@Mehmet Turk, after the Gezi Park riots we belong to the list of Tunisia, Libya, Egypt, Syria, Lebanon, Yemen so no wonder they will confuse us with Arabs. For the people in the West all these countries experienced a so called spring and are all the same. I think we have to join the Arab League as well, to take away the confusion of the people in the West :) Tunisia and Turkey kinda sound a little bit the same and have a similar flag, so get used to it, i stopped explaining people the difference


7/12/2013 10:18:11 AM

A city that can't even deal with a hand full of Chapulcus has no right hosting an Olympic Game. Secondly even if Turkey still wants to host the Olympic Games, after the Gezi Park riots, Turkey has lost it's image and won't stand a chance against the other competitors anyway. So step out of the competition in order to reduce the loss of reputation. We are what we are, we don't need to portrait our self differently for others (like Spain) to like us or not.

Red Tail

7/12/2013 9:44:37 AM

Yes Naci, lets agree on the two usual comments. 1) Olympics needs Turkey much more than Turkey needs the Olympics and 2) The Olympics applies double standards. Those two arguments have worked for decades, and they can be used today as well. Universal logics to avoid looing at ourselves when we have problems with the rest of the world. It is much more comfortable to teach the citizens through propaganda that We are always good and right and foreigners are evil, conspirators with double standards.

A European

7/12/2013 8:05:32 AM

It's over. Istanbul has lost its chance.

Meric Mete

7/12/2013 4:33:32 AM

Hey Naci Seyhanli, if that is how you feel, I certainly hope you're using a Turkish-brand computer right now (not HP dell toshiba sony or anything else), don't drive a foreign made car, if you take the bus make sure it's not an IETT Mercedes-Benz bus, delete your facebook acct if you have one...I could go but I'm sure you get the picture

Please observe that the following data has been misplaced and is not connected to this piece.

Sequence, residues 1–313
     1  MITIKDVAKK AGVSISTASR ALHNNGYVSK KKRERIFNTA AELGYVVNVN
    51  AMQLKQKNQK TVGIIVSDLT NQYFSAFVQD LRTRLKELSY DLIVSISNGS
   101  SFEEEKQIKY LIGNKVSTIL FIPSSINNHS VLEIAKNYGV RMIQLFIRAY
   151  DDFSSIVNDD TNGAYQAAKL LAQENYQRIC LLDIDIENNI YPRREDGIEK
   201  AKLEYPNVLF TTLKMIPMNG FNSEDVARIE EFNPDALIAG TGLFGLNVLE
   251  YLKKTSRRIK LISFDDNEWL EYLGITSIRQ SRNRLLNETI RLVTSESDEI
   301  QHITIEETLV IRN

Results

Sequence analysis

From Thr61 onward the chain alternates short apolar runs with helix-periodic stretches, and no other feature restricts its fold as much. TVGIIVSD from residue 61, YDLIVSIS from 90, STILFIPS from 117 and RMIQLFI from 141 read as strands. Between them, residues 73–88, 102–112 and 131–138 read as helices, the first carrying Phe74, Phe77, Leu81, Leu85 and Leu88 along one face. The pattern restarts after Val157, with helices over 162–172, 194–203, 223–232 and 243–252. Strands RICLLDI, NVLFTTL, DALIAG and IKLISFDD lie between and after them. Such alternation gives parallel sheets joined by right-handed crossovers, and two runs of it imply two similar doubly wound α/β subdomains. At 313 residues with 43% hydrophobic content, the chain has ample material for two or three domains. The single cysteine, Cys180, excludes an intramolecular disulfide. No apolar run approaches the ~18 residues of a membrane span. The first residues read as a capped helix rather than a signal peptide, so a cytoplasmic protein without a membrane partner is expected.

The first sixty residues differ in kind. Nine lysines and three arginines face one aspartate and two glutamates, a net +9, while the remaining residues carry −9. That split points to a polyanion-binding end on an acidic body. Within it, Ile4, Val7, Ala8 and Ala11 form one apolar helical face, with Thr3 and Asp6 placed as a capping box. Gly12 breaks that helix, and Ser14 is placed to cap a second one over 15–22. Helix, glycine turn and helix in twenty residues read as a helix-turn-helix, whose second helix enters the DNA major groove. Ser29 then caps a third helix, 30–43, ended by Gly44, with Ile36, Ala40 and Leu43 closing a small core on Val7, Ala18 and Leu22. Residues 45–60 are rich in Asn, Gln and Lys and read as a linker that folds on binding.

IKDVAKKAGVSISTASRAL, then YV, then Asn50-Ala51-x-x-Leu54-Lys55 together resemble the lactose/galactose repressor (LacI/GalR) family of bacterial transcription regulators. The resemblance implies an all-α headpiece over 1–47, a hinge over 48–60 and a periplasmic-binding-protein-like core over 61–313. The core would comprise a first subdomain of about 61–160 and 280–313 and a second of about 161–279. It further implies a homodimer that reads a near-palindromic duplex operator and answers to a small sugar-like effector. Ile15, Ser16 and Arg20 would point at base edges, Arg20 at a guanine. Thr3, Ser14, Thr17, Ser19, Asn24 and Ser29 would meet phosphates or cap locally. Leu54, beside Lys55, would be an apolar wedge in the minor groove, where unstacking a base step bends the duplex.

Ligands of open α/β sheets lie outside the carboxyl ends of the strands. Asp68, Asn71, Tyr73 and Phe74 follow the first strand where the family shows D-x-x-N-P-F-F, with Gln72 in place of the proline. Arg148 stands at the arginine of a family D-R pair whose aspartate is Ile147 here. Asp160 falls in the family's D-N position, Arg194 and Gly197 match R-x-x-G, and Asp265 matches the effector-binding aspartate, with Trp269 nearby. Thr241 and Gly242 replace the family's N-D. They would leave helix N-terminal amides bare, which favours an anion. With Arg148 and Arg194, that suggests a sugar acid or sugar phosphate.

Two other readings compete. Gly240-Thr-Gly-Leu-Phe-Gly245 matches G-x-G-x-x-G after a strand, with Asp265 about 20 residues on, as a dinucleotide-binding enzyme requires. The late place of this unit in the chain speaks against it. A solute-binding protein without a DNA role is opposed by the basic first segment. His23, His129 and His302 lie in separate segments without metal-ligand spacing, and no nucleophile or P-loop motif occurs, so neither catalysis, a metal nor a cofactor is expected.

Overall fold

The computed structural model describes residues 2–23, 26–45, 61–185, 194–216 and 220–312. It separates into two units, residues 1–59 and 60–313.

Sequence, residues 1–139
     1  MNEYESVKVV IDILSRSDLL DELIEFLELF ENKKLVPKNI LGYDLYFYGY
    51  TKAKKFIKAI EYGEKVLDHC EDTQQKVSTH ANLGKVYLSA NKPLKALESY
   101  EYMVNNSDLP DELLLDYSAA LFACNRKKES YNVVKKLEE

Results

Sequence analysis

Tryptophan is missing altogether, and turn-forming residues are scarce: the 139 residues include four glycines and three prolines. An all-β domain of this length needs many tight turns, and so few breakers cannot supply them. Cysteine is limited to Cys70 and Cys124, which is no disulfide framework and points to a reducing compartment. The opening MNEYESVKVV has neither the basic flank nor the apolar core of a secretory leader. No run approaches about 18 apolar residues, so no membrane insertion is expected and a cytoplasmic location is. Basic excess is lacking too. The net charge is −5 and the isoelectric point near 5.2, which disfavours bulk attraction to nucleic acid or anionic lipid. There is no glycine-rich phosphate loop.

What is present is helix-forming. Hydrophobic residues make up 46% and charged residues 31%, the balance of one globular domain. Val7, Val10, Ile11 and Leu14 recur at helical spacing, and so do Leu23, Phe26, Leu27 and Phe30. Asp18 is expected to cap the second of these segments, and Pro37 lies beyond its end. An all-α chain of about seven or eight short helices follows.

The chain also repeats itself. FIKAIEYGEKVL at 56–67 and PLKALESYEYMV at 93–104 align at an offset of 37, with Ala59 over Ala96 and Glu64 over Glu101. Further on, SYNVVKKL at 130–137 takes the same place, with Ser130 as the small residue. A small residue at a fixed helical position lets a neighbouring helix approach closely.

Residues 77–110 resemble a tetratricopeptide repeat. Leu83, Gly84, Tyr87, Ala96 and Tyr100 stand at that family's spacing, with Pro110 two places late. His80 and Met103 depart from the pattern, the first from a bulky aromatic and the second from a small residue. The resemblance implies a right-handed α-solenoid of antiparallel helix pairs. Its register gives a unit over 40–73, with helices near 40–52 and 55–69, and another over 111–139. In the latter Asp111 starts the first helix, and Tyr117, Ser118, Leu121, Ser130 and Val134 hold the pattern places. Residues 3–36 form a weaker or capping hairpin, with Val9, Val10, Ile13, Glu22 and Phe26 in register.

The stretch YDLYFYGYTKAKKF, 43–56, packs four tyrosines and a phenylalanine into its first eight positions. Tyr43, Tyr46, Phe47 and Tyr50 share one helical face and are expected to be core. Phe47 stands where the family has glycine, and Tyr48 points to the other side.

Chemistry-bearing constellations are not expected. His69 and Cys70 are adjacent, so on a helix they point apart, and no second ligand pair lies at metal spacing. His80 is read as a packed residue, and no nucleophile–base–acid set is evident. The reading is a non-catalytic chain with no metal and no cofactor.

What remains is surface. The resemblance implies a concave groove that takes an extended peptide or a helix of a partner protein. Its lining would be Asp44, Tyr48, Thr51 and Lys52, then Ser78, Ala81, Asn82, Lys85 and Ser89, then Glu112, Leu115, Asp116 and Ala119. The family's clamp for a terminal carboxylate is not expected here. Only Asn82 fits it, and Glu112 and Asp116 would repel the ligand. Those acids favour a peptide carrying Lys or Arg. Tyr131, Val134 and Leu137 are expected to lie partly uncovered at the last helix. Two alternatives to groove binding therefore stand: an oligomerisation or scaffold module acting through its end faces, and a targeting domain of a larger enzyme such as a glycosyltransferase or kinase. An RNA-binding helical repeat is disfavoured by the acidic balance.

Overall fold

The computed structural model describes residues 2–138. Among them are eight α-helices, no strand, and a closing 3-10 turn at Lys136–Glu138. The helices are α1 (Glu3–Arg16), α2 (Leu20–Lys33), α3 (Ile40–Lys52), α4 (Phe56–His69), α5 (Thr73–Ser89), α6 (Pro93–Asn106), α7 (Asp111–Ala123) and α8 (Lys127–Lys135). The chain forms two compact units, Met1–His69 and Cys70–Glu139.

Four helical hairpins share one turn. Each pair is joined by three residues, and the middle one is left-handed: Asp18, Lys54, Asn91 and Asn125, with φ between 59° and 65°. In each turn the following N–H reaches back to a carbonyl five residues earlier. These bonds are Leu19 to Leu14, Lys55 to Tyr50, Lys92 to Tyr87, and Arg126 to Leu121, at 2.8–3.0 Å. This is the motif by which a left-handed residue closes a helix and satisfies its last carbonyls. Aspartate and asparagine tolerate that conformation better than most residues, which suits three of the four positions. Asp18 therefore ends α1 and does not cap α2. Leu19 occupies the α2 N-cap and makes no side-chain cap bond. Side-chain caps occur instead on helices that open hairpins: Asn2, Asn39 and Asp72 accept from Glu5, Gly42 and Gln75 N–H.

Falk Bernard

7/12/2013 3:15:43 AM

"but recent disturbances in which riot police fired tear gas against demonstrators will have given some IOC members pause for thought." Again, another billions are in the risk now. Because the AKP did the opposite in handling the protests (provoking instead reconciling).

ibrahim osman

7/12/2013 12:02:01 AM

For 95% of Europeans Turkey is an Arab country and they are not that wrong,we are certainly not far from them,veils,fanatics,ignorants,we are closer to arabs than any europeans.Wake up

Naci Seyhanli

7/11/2013 11:02:30 PM

OK, so Turkey's too problematic, but Spain teetering on the economic brink with 30% unemployment, and Catalan and Basque separatist movements is a solid choice? Whatever. Turkey's better of without an Olympics that would do away with wrestling. In fact, Turkey's better of without most of the world. Hypocrites.
< >


AcerPro S.I.P.A HTML & CSS Agency